Authors: Lisa Kleypas
To my husband, Greg
Thanks for making my life wonderful!
I love you forever.
Strange, the way we met. In a drawing-room circle
With its empty conversation
Almost furtively, not knowing one another
We guessed at our kinship
And we realized our souls' likeness
Not by passionate words tumbling at random from our lips,
But by mind answering mind
And the gleam of hidden thoughts
AITING FOR SOMEONE
?” A man's voice cut through the rustling quiet of the garden. The Russian accent was soft and guttural, falling pleasantly on Emma's ears. Turning with a wry smile, Emma watched as Prince Nikolas Angelovsky stepped out of the shadows.
With his golden skin, his sun-streaked hair, and his unpredictable cruelty, Nikolas was more like a tiger than a human being. Emma had never seen such a perfect blend of beauty and menace in any other man. She knew from personal experience that there was good reason to fear him. But she was an expert at handling dangerous creatures. The only sure way to be hurt was to show her fear.
Emma relaxed her spine and settled more comfortably on the stone bench, located in the most secluded section of the formal estate garden. “I'm certainly not waiting for you,” she replied briskly. “Why are you out here?”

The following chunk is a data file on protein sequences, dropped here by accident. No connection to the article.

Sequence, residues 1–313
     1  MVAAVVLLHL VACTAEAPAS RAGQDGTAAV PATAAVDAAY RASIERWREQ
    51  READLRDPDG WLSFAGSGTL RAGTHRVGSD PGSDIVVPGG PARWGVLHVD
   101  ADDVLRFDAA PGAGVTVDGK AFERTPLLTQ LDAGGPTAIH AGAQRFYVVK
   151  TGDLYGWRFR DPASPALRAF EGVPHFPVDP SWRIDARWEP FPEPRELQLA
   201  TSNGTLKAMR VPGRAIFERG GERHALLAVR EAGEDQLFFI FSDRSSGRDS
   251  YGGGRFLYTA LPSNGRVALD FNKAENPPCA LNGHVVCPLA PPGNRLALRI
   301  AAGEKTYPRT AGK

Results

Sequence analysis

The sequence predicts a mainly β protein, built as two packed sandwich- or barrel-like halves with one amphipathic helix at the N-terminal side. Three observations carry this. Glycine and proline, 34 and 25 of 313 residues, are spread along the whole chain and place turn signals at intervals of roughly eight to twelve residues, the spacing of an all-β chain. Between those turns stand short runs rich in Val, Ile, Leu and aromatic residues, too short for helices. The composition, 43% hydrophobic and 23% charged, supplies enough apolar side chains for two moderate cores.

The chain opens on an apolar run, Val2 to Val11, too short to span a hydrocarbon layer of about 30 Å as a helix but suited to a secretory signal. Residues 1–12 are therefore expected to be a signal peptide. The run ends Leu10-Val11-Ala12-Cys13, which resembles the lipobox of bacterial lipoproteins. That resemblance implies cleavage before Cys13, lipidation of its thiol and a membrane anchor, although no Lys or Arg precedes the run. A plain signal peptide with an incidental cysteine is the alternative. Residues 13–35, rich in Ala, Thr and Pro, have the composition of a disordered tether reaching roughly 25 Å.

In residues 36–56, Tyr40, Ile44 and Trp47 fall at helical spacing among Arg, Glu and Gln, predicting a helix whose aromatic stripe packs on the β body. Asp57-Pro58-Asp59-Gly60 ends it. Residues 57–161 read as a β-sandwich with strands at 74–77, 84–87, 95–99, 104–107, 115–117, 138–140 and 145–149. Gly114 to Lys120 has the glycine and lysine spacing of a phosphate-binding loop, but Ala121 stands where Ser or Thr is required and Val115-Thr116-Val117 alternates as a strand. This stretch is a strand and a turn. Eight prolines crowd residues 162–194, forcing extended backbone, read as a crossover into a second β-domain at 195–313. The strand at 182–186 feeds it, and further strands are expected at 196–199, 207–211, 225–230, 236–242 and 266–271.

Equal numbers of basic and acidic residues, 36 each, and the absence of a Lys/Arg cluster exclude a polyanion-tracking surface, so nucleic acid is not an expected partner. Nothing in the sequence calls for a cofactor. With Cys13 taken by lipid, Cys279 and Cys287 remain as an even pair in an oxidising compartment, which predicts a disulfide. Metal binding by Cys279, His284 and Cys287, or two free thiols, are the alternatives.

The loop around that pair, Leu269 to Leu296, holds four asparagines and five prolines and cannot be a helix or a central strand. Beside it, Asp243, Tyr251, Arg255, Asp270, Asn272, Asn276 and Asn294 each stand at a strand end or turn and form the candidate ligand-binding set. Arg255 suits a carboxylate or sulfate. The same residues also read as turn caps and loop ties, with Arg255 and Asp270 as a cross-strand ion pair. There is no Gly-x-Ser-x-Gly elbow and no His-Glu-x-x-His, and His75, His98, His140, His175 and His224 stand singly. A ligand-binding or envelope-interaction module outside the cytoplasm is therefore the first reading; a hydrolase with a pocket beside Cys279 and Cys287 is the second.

He smiled at that, his white teeth gleaming in the darkness. “I felt like taking a walk.”
“I'll thank you to walk somewhere else. I'm trying to meet someone in private.”
“Who is it?” He slid his hands into his pockets, walking around her.
“Go away, Nikolas.”
“You can't order me about on my own estate, child.” Nikolas stopped a few feet away from her. He was a tall man, one of the few in London whom Emma didn't tower over. He had big hands and feet, and a spare, powerful build. A shadow fell across his face, obscuring all but the piercing yellow gleam of his eyes.
“I'm not a child. I'm a full-grown woman.”
“So you are,” Nikolas said softly. His gaze swept over her, taking note of her slender figure wrapped in a simple white gown. Emma's face, as always, was unpowdered and unpainted. Her hair had been pinned into a tight chignon, but exuberant curls sprang around her face and neck. Her hair was a sublime shade of red, burning with bronze and cinnamon lights.
“You look beautiful tonight,” he said.
Emma laughed. “Don't flatter me. ‘Attractive’ is the best I can do, and I know it. It's hardly worth having my head stuck with hairpins and my ribs crushed with tight lacing until I can't breathe. I'd much rather go ‘round wearing boots and breeches and be comfortable, as men are. If one can't be beautiful, one shouldn't have to try at all.”